Yamaha P95 Review
The Yamaha P95: My Favorite Entry-Level Digital Piano
Digital pianos have come a long way since they were first introduced commercially in the mid 1970s. For many years, these instruments have offered many advantages over their acoustic counterparts that include cost, portability, MIDI interface ports, and headphone connections. Digital pianos also never go out of tune, thus eliminating the need for that annual visit from your local piano tuner.
As with all electronic equipment, digital pianos are always in a continuous state of improvement. If you are a pianist or have even had some minimal piano training and are on a budget, you no longer have to settle for anything less than a full set of 88 keys with some weighted action, features that used to be sold at a premium. You can ever get some additional bells and whistles that didn't used to be available years ago without spending a lot.
The main area in which most lower-cost digital pianos still fall short, however, is in providing to the pianist a touch and feel that satisfactorily mimics a good acoustic piano. Although almost all but the very cheapest digital pianos have weighted keys these days, not all weighted actions on these instruments are created equal, even for a given manufacturer. To get the very best digital keyboard action available, e.g., one that is almost indistinguishable from a top-of-the-line Yamaha, Baldwin, or Steinway acoustic grand piano, you still have to pay a premium, though not nearly as much as you would for the real thing.
To me, the Yamaha P95 is the best compromise in cost and acoustic piano feel. Made by one of the top manufacturers in the world of both acoustic and digital pianos, this is the one digital piano model I would recommend if you are on a budget. In my opinion, this instrument offers very good value for the money, but, as with any lower-cost digital piano, it does have some limitations which may not make it suitable for everyone.
Photo credit: DIY Mary
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Yamaha P95 Features
The Yamaha P95 is a highly rated and popular digital piano with 88 keys, graded hammer weighted action, 64-note polyphony, matte black key tops, built-in speakers, and 10 different voices including grand piano, electric piano, organ, harpsichord, vibraphone, strings, choir and jazz organ. This instrument is very portable and comes with 50 built-in songs, a recorder, headphone connections, a sheet music rest, a pedal foot switch, and MIDI In/Out ports.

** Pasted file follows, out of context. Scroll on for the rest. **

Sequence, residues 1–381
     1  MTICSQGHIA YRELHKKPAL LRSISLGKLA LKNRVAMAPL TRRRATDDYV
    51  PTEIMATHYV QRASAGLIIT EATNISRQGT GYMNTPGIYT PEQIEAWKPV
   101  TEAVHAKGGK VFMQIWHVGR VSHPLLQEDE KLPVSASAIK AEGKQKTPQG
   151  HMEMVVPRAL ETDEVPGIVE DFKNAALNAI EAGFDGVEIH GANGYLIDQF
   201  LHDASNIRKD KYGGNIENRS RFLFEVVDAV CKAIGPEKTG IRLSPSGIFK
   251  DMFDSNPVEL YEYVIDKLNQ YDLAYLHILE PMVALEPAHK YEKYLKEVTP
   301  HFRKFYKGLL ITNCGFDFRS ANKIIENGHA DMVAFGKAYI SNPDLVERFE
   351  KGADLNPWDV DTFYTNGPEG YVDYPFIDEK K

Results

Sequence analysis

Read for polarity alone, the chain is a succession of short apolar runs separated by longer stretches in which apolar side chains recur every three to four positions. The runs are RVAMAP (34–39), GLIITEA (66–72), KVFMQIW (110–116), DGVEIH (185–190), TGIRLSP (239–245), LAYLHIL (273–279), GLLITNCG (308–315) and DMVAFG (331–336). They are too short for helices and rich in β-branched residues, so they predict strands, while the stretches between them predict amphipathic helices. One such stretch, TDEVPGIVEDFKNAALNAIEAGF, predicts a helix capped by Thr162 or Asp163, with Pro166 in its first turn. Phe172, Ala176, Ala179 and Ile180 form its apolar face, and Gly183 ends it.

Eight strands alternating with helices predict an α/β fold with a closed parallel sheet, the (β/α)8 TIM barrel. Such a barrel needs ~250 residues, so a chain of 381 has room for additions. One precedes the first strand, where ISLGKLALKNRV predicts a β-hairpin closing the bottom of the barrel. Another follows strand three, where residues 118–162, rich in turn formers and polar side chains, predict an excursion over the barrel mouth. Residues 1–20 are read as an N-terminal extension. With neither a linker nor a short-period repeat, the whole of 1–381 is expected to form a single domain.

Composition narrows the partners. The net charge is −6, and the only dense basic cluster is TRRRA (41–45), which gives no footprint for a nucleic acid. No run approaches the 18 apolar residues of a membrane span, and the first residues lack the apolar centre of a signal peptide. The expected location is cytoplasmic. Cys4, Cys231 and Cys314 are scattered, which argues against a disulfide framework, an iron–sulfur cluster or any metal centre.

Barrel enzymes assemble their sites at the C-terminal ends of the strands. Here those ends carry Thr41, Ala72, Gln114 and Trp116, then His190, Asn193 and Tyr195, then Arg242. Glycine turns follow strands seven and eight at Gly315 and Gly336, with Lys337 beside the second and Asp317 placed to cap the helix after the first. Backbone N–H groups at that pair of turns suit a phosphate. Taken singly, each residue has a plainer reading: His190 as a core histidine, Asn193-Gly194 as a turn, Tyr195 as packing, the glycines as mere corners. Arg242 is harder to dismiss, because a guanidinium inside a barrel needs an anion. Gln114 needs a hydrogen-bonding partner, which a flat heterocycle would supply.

The Yamaha P95 is well suited to those on a budget who need fewer bells and whistles in favor of improved piano weighted action. This instrument makes a great stand-alone keyboard and is also ideal for those who, like me, are looking for something that plays and sounds like a real acoustic piano that can also be used as a MIDI keyboard controller.
Note that the Yamaha P95 does not come with the standard three pedals that you would find on a standard acoustic piano. They must either be purchased separately or as a part of the Bundled Package (see below).
Yamaha P95B Digital Piano, Black
The Yamaha P95 is, in my opinion, the best digital piano in its price range. While it does not include as many bells and whistles as other comparably priced instruments, it feels more like a real acoustic piano than the rest.
The Yamaha P95 Digital Piano Bundle
The bundled package includes a bench, a stand, a triple pedal board, headphones, Fastrack Book, and a dust cover.
The Yamaha P95 Vs. Higher-Priced Yamaha Models
One of the main differences between the Yamaha P95 and the higher-priced Yamaha models is the type of graded hammer action employed.
Graded hammer action is when the keys in the left hand (bass) are weighted more heavily and gradually become lighter as you move up the keyboard, as with an acoustic piano. Yamaha uses several different key mechanisms in all their digital piano products. For the Yamaha P95, the GHS ("Graded Hammer Standard") mechanism is used. The hammers are graded, but the touch is somewhat lighter than what you will find on their higher-priced models.
For higher-priced models such as the Yamaha P-155 and the Yamaha CP-33, the GH (also called GHE) mechanism is used, which is the next level up from GHS. This mechanism is slightly heavier than GHS and also allows for greater expression.